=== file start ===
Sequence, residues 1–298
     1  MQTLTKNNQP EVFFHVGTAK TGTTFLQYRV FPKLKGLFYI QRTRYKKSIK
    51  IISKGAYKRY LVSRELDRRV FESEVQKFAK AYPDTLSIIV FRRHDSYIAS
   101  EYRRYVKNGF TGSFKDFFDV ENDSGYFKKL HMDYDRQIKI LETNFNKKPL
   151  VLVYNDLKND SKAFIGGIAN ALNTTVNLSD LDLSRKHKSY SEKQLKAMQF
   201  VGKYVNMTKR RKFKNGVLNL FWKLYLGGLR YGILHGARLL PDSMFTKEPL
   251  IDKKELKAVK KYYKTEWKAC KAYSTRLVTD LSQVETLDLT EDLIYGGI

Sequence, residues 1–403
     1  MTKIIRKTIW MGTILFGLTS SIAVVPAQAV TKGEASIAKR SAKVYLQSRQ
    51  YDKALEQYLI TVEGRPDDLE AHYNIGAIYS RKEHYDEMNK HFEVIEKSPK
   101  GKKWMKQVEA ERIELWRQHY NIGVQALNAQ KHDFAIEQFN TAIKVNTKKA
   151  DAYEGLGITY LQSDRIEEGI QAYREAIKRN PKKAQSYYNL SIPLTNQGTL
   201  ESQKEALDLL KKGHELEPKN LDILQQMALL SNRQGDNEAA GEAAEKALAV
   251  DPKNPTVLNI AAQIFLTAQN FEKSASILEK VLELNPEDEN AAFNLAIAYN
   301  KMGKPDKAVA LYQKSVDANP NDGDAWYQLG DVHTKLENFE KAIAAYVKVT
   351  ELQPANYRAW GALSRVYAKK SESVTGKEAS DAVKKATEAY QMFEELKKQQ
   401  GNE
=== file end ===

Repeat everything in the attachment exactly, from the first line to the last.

Sequence, residues 1–298
     1  MQTLTKNNQP EVFFHVGTAK TGTTFLQYRV FPKLKGLFYI QRTRYKKSIK
    51  IISKGAYKRY LVSRELDRRV FESEVQKFAK AYPDTLSIIV FRRHDSYIAS
   101  EYRRYVKNGF TGSFKDFFDV ENDSGYFKKL HMDYDRQIKI LETNFNKKPL
   151  VLVYNDLKND SKAFIGGIAN ALNTTVNLSD LDLSRKHKSY SEKQLKAMQF
   201  VGKYVNMTKR RKFKNGVLNL FWKLYLGGLR YGILHGARLL PDSMFTKEPL
   251  IDKKELKAVK KYYKTEWKAC KAYSTRLVTD LSQVETLDLT EDLIYGGI

Sequence, residues 1–403
     1  MTKIIRKTIW MGTILFGLTS SIAVVPAQAV TKGEASIAKR SAKVYLQSRQ
    51  YDKALEQYLI TVEGRPDDLE AHYNIGAIYS RKEHYDEMNK HFEVIEKSPK
   101  GKKWMKQVEA ERIELWRQHY NIGVQALNAQ KHDFAIEQFN TAIKVNTKKA
   151  DAYEGLGITY LQSDRIEEGI QAYREAIKRN PKKAQSYYNL SIPLTNQGTL
   201  ESQKEALDLL KKGHELEPKN LDILQQMALL SNRQGDNEAA GEAAEKALAV
   251  DPKNPTVLNI AAQIFLTAQN FEKSASILEK VLELNPEDEN AAFNLAIAYN
   301  KMGKPDKAVA LYQKSVDANP NDGDAWYQLG DVHTKLENFE KAIAAYVKVT
   351  ELQPANYRAW GALSRVYAKK SESVTGKEAS DAVKKATEAY QMFEELKKQQ
   401  GNE